I couldn't resist putting together this post about fruit.
Don't read it right before you go food shopping…
A 'Densuke', watermelon recently sold for $6,000 in Japan. It was a special ice-box sized variety with a unique black skin grown in the north of Japan. The skin is actually a very dark green with black stripes. I've grown melons before, and no matter how great I thought they were, I'd never pay more than $1,000 for one of mine! The man who bought it said he wanted to support farming in Japan. Good for him for supporting his Home Team. Are you buying local produce to support your local economy?
Here's a link with a photo
Melons are big in Japan. They are sometimes used as corporate gifts, and their price tag will make you look a little differently at those yummy pears we get as gifts at Christmas. Last month a pair of Yubari cantaloupes sold for 2.5 million. Here's another cool Yubari link for you:
My melon growing results were less than stellar. I tried Moon and Stars icebox watermelons one year just because they were so cute! Instead of stripes they have spots all over the fruit and leaves. They're a bush variety so they don't take up a lot of room. I also tried a cool Navajo heirloom melon because they are able to withstand more drought. It was delicious.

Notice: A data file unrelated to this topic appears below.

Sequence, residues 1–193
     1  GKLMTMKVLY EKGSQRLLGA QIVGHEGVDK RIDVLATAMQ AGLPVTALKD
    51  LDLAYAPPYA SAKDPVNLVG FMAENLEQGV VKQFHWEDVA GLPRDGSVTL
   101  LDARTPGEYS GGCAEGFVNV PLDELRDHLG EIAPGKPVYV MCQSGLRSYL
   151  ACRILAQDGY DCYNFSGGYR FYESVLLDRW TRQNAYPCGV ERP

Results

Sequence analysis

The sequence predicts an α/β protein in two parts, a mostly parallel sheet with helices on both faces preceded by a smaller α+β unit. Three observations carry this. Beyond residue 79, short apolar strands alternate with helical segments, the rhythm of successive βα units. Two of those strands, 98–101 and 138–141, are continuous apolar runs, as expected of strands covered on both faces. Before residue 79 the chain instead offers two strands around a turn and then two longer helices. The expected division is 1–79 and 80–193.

Finally, there is a small 'miracle' fruit that makes everything taste sweet. Fruit from Synsepalum dulcificum changes your taste buds for a few hours after you chew on the fruit. It is a tropical shrub native to West Africa and some guy is selling the tiny cumquat-sized fruits for $2.50 a pop. Last night on the news they made some poor reporter take a tablespoon of Tabasco sauce after she'd eaten the fruit. It tasted sweet, but it still burned her mouth! Read about the fruit here:
If you'd like to try your hand at miracle fruit, here's a link from the California Rare Fruit Growers with all the info you'll need:
And just for fun here are a few links to heirloom seed companies.
Heirloom Seeds - has Navajo, Moon and Stars and a Black Melon.
Here's my favorite heirloom guy at Redwood City Seeds
Labels: garden news